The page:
A: We don't know for sure. One possibility is the pet trade. The giant African land snail can live up to nine years in captivity, so people like to have them as pets. It could have been brought in for religious purposes - there are religious groups that use them. Also, there are some skin cream products that are popular in South America that use the slime of the snail, so it could be that. Or it could be multiple introductions. We just don't know.

Q: How long have they been there?

This is guesswork, but we think they have been here two to three years, based on the numbers, the size and the age.

Q: Why do you want to get rid of them so badly?

A: The biggest issue is that there is hardly a plant out there they won't eat. They like vegetables, fruit and landscape plants, and if you get enough of them, they can do quite a bit of damage. The second is they have to have calcium in their shell, and they are perfectly happy to climb on a wall and eat stucco. They can strip a house of stucco. Also, they can carry a parasitic nematode that can cause meningitis in humans.

And on top of all that, most people just think they are gross. They climb all over your wall, they defecate all over the place, and there is slime everywhere.

Q: They multiply very fast, right?

A: Yes. You can get a sexually mature adult in as little as five months after birth, which can then go out and produce several thousand eggs a year.

Plus, they are hermaphrodites, so when you have two snails come together to breed, you have two pregnant animals that come away from that mating. That is really an amazing adaptation.

Q: What else makes them such successful invaders?

A: They are very good at adapting to new environments because they eat so many types of plants, and because of their ability to estivate. We just went through a dry season, and they really need moisture, but all they do is create a thin film over the aperture of their shell, and they go into a hibernative state, and they can stay like that for months.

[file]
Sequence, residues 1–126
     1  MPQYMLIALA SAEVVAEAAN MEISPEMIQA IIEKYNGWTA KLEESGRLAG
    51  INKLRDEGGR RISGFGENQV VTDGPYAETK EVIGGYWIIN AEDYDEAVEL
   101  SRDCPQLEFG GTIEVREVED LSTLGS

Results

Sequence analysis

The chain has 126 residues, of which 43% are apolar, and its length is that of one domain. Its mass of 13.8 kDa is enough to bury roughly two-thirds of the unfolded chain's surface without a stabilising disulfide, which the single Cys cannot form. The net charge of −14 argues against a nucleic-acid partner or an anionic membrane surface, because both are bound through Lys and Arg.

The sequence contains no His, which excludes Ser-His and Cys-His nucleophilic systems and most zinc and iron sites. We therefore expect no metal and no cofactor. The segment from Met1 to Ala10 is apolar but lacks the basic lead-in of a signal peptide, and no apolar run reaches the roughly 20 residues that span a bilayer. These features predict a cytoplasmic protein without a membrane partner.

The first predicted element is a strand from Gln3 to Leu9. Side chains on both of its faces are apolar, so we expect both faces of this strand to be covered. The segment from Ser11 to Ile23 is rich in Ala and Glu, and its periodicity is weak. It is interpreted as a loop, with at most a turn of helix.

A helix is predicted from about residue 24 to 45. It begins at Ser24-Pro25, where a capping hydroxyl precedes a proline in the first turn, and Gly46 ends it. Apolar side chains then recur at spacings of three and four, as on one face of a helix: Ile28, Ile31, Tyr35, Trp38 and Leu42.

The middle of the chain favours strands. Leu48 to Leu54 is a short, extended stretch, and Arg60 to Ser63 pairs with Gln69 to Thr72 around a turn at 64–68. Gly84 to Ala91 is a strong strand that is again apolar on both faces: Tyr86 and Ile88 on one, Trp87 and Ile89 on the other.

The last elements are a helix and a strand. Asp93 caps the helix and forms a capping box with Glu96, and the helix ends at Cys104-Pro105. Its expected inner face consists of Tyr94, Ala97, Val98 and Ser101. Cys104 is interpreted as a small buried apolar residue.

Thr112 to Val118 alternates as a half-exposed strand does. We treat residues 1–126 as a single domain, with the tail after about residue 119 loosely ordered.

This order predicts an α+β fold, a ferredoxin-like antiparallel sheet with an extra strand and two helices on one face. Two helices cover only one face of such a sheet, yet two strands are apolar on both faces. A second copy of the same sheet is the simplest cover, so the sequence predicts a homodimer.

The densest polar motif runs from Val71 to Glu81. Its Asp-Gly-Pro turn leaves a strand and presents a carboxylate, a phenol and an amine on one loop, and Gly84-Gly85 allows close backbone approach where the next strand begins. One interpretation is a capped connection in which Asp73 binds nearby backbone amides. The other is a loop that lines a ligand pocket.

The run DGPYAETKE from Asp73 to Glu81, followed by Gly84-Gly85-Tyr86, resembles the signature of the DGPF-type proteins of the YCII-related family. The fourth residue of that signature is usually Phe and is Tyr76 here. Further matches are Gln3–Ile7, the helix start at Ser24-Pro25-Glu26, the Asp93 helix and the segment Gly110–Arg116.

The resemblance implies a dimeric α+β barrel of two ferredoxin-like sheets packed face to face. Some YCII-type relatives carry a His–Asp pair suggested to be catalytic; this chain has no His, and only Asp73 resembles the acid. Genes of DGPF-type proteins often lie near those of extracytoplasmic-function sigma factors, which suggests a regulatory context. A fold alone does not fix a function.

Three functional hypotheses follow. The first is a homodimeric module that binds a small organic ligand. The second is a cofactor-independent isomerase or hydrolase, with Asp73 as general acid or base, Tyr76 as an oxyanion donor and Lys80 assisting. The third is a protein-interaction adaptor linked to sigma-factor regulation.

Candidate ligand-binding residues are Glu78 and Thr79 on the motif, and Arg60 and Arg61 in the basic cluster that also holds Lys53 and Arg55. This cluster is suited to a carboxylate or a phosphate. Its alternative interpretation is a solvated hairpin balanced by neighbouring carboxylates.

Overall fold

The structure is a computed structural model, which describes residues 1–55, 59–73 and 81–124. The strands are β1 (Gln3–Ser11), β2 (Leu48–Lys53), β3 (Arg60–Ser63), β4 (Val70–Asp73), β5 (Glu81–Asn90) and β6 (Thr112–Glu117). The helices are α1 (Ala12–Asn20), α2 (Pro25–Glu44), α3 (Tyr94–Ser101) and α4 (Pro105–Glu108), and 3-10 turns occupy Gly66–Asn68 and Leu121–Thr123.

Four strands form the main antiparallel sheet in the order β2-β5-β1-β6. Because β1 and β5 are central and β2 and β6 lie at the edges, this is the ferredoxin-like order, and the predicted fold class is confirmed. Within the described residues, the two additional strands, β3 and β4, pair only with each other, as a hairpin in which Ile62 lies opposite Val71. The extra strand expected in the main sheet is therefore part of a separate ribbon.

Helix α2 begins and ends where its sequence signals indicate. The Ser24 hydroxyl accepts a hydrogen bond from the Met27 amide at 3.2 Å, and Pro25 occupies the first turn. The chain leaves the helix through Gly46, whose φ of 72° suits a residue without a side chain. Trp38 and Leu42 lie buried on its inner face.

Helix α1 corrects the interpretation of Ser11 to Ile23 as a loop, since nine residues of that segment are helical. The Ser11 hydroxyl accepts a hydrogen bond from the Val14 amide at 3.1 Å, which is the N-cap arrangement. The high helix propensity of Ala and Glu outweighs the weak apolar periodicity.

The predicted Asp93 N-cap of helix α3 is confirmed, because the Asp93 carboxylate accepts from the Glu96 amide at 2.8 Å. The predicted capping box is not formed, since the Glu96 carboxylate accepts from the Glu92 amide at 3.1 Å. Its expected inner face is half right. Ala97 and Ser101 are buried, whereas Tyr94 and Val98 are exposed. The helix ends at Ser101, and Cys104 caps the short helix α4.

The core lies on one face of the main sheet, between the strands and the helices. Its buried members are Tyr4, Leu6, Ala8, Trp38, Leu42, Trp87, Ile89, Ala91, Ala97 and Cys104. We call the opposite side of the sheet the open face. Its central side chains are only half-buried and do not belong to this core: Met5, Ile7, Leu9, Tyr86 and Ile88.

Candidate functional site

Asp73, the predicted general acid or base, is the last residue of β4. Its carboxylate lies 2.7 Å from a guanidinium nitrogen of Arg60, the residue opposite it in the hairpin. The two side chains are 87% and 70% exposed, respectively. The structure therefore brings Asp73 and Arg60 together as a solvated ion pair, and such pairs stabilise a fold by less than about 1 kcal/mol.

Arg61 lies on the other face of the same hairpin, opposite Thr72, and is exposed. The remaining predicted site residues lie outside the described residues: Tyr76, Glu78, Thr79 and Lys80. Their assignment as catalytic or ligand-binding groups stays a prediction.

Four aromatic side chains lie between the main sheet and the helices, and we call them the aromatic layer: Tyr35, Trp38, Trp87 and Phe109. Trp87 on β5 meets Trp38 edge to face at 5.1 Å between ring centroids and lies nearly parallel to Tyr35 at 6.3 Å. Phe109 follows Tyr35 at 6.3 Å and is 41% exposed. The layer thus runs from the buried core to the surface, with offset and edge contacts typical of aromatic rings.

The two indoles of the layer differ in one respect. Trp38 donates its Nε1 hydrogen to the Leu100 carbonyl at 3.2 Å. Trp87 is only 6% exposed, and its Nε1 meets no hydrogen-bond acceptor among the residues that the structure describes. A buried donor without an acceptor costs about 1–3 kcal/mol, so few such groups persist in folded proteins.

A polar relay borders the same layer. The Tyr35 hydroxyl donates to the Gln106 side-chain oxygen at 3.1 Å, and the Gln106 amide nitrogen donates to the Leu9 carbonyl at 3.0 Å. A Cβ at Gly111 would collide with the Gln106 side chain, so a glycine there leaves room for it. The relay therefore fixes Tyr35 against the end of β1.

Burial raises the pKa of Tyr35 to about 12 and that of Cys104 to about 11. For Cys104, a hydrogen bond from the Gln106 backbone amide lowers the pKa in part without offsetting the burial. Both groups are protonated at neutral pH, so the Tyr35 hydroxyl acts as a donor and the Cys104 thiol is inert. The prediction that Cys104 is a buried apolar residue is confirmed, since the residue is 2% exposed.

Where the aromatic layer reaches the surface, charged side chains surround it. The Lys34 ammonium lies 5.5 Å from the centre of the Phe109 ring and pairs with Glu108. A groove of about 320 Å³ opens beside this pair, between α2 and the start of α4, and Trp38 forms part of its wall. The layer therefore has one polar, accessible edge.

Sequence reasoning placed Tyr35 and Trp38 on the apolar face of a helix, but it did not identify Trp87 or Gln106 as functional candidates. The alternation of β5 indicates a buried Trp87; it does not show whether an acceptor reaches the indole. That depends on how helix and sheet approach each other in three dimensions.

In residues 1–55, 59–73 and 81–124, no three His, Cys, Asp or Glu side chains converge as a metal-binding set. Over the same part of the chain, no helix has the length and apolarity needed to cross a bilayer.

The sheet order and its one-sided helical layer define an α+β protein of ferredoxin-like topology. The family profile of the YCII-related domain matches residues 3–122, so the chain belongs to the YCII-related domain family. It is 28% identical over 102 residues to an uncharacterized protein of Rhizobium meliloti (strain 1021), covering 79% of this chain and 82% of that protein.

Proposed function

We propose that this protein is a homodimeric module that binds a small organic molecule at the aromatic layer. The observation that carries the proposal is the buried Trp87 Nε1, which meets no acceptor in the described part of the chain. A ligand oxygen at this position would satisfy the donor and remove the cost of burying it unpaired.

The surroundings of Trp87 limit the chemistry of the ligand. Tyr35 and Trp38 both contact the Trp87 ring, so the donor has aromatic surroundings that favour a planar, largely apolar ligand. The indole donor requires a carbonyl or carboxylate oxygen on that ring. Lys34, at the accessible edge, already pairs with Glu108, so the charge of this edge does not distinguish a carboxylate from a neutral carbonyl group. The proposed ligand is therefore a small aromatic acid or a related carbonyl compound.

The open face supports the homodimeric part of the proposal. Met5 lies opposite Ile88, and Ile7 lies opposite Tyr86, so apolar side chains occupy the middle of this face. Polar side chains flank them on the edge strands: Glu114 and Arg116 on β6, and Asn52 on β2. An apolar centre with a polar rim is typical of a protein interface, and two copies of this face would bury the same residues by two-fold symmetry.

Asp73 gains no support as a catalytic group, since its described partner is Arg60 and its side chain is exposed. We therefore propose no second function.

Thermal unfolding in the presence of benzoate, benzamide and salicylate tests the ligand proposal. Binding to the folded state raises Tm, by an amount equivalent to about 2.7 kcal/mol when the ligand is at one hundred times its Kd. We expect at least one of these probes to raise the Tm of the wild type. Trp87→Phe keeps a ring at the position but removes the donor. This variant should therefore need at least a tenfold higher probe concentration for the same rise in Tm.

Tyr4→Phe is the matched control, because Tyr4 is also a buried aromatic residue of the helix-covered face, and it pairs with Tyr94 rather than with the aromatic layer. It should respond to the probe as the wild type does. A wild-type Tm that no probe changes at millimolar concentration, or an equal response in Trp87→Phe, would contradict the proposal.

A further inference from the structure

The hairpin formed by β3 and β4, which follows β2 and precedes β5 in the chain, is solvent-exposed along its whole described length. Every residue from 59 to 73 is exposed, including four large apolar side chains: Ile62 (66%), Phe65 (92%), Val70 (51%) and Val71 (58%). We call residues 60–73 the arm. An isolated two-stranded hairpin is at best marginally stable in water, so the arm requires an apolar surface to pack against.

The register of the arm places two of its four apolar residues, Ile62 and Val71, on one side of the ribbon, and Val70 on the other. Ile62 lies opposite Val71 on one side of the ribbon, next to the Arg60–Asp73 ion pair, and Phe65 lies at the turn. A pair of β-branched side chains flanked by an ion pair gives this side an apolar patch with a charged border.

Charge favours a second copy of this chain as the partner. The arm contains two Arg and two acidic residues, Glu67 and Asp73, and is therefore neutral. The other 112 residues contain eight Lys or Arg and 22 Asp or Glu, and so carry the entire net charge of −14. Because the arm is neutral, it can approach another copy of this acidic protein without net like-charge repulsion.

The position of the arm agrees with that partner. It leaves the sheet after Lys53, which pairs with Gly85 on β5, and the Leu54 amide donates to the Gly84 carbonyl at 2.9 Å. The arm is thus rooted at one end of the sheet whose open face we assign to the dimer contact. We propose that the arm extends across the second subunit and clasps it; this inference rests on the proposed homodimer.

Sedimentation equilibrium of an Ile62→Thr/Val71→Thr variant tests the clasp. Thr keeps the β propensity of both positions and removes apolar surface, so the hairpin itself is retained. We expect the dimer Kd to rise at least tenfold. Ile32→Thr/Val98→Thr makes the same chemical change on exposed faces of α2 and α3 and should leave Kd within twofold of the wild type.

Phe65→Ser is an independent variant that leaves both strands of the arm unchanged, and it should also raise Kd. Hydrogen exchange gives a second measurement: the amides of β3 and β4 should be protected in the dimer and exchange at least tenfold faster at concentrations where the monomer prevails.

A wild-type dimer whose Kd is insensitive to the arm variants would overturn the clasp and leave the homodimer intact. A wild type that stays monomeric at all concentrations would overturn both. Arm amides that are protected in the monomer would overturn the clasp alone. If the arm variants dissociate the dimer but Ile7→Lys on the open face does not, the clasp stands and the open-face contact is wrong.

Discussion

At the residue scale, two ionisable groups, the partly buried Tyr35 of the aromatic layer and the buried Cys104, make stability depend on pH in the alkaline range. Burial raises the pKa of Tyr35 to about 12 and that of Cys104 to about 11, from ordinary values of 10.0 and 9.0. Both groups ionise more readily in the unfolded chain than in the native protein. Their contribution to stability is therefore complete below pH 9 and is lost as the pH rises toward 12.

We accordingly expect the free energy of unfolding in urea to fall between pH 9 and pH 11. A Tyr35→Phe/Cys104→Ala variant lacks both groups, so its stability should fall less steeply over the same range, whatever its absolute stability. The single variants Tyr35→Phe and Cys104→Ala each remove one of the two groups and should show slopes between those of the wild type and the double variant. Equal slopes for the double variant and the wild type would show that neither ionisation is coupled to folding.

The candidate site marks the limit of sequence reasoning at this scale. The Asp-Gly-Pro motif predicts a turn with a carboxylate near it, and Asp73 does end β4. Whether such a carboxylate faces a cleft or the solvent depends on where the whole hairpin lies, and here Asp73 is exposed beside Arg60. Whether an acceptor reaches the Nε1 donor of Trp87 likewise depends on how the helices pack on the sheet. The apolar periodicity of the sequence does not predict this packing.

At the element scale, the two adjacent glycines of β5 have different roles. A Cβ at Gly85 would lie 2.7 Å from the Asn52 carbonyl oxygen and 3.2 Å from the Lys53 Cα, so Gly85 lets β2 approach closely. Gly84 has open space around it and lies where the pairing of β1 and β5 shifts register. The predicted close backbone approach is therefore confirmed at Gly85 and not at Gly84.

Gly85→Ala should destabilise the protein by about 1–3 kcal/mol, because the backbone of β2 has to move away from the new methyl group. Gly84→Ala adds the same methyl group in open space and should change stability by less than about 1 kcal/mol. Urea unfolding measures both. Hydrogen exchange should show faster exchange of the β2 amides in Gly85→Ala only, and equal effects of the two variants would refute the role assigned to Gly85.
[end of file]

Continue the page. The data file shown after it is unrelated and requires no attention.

Also, they are capable of very low-level learning. For instance, if they eat a poison and it doesn't kill them, they won't eat it again. That is extremely important to treating these things. You have to have something that is strong enough to take them out the first time.

Q: When did the eradication effort begin?

A: The program started in September of 2011. After our big giant African land snail symposium in April, we decided to use some new snail baits with metaldehyde that are stronger than the bait with iron phosphate that we were using before. Now our crews are finding many more dead snails than alive ones when they go out.

Q: Isn't metaldehyde toxic to mammals too?

A: It does have some toxicity to mammals, but there is a bittering agent added to the bait. If a child or a dog ate a little bit of it, they would instantly spit it out.

Q: Does the South Florida public know it is under attack from giant snails?

A: As far as square miles go, the invasion is not a huge area, but our outreach has been extensive - it's on billboards, on the sides of buses, in movie theaters and on the radio. We want to make sure that everyone is aware of this. It is definitely on people's minds down there, no doubt about it.

Q: Invasive species are a major problem in Florida. How big of a priority is this war on the giant African land snails?

A: This snail is on our top four or five list of species that we were looking for. We knew it was coming, and when it hit, we were ready to go.

Right now we have 50 people working on the program full time, including our field crews who are hand-collecting the snails and treating the properties with insecticide every two weeks.

Q: Is this snail invasion different from other invasions you've worked on?

A: It's a little bit comparable to the fruit fly eradication - the outreach and the techniques are similar, and the ultimate goal is to completely wipe it out. But as far as the organism goes, I've never dealt with an organism quite like it. There is a lot of variation in these snails' behavior and that is what makes them so good at invading new areas - someone in the group can adapt to the new situation.

LINK TO ARTICLE  * ©2013 Los Angeles Times * Distributed by MCT Information Services * May 13th, 2013